Yes. Serving Facts statements may include information about the alcohol content of the product on an optional basis. However, industry members may choose to not include alcohol content in the Serving Facts statement. An example of this format is set out in the attachment to TTB Ruling 2013-2.

 


SF20: Are there type size or font requirements for Serving Facts statements?

There are no specific type size or font requirements for the optional Serving Facts statement on labels or in advertisements. However, the statement should be on a contrasting background and should be readily legible under ordinary circumstances.

 


SF3: May I use a Serving Facts statement or a statement of average analysis on a label or in an advertisement that does not make any other calorie or carbohydrate claims?

Yes.

 


SF8: My malt beverages have a brand name that includes the term "light." However, in my advertisements, I make no other claims about nutrients (such as calories, carbohydrates, protein or fat). Am I required to place a Serving Facts statement or a statement of average analysis on these advertisements?

No. If your advertisement does not make any other claim about the nutrient content of the product, you are not required to place a Serving Facts statement or a statement of average analysis on the advertisement. However, labels for products including terms such as "light" in their brand names will not be approved without a statement of average analysis or a Serving Facts statement, unless the term "light" is used in a way that clearly does not refer to nutrient content.

 


SF13: Am I required to use a panel for the Serving Facts statement, or may I present this information in a linear display?

The attachment to TTB Ruling 2013-2 provides examples of both a panel display and a linear display. You may choose whichever display fits best on your label or advertisement.

 


SF18: I would like to add a Serving Facts statement to my approved label without submitting a new COLA application. May I use abbreviations for the terms used in the optional Serving Facts statement, or must I use the exact terms set forth in the examples?

The following abbreviations may be used on labels and in advertisements bearing the optional Serving Facts statement, with or without periods after the abbreviations:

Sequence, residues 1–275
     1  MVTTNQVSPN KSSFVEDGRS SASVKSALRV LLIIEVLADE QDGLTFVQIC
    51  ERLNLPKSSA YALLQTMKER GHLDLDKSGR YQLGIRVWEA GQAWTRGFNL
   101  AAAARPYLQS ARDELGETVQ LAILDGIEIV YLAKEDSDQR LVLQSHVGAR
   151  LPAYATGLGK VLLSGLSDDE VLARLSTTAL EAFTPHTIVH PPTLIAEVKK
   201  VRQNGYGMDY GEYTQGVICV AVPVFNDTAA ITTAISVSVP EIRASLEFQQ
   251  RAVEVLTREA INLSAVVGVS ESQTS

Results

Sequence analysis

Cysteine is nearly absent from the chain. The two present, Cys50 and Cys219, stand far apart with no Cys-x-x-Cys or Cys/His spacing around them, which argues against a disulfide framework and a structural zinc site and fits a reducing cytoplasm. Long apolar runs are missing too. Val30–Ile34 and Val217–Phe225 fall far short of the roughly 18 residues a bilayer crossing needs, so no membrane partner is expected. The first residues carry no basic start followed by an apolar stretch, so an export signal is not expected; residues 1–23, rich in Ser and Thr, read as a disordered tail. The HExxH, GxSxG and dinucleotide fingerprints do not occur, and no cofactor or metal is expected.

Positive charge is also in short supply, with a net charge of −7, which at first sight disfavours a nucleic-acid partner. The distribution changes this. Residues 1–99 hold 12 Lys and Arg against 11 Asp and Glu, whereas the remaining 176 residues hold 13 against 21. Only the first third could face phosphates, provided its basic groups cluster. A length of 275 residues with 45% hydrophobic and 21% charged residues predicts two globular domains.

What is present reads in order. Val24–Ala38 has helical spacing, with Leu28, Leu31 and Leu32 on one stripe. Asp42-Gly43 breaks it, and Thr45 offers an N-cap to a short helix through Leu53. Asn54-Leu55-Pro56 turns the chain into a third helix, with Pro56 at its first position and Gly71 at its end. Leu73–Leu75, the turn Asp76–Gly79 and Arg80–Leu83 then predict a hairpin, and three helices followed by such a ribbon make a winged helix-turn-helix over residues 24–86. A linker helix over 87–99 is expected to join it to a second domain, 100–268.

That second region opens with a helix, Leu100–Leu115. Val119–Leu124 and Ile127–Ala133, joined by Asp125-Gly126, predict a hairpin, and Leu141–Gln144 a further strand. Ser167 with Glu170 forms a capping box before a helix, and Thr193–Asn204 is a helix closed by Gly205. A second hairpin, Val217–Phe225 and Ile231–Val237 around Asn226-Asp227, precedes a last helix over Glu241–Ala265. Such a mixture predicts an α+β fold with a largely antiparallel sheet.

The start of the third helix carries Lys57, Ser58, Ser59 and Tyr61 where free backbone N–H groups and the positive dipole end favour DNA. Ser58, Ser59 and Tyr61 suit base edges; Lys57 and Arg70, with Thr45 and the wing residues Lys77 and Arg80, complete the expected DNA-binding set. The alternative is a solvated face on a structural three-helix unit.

(1) For "Alcohol by volume," the abbreviations "Alc/vol" or "Alc by vol"; 
(2) For U.S. fluid ounces, "fl oz"; 
(3) For calories, "Cal"; 
(4) For grams, "g"; 
(5) For Carbohydrate, "Carb"; 
(6) For serving (except in the title "Serving Facts"), "Serv";
(7) For milliliter, "ml"; and 
(8) For amount, "Amt."

 


SF1: What is the effect of TTB Ruling 2013-2?

This ruling modifies and amplifies TTB Ruling 2004-1 to permit the use of optional Serving Facts statements on labels and in advertisements.

 


SF6: What is a Serving Facts statement?

A Serving Facts statement includes the serving size, the number of servings per container, and the number of calories and the number of grams of carbohydrates, protein, and fat, per serving size. In addition, you may choose to include the percentage of alcohol by volume in the statement, and if you do so, you may also include the number of fluid ounces of pure ethyl alcohol per serving as part of the alcohol by volume statement.

 


SF11: Do I need to submit a new application for label approval if my approved label includes a statement of average analysis, but I want to remove that statement and replace it with a Serving Facts statement in one of the formats set out in the attachment to TTB Ruling 2013-2?

No. You may make that change without submitting a new application for label approval.

 


SF16: May I include the percentage of alcohol by volume on my Serving Facts statement without including a statement of the fluid ounces of alcohol per serving?

Yes. Alcohol content may be presented in the Serving Facts statement as a percentage of alcohol by volume. In addition, if alcohol content is expressed as a percentage of alcohol by volume, the Serving Facts statement may also include a statement of the fluid ounces of pure ethyl alcohol per serving (rounded to the nearest tenth) as part of the alcohol by volume statement. However, industry members may choose to include the percentage of alcohol by volume in the Serving Facts statement without including a statement of the number of fluid ounces of alcohol per serving.

 


Sugar Content Statements

SUG4: Does this guidance apply to labeling claims indicating a higher sugar content for the grapes used in wine that are made in accordance with ATF Ruling 82-4 and ATF Ruling 78-4?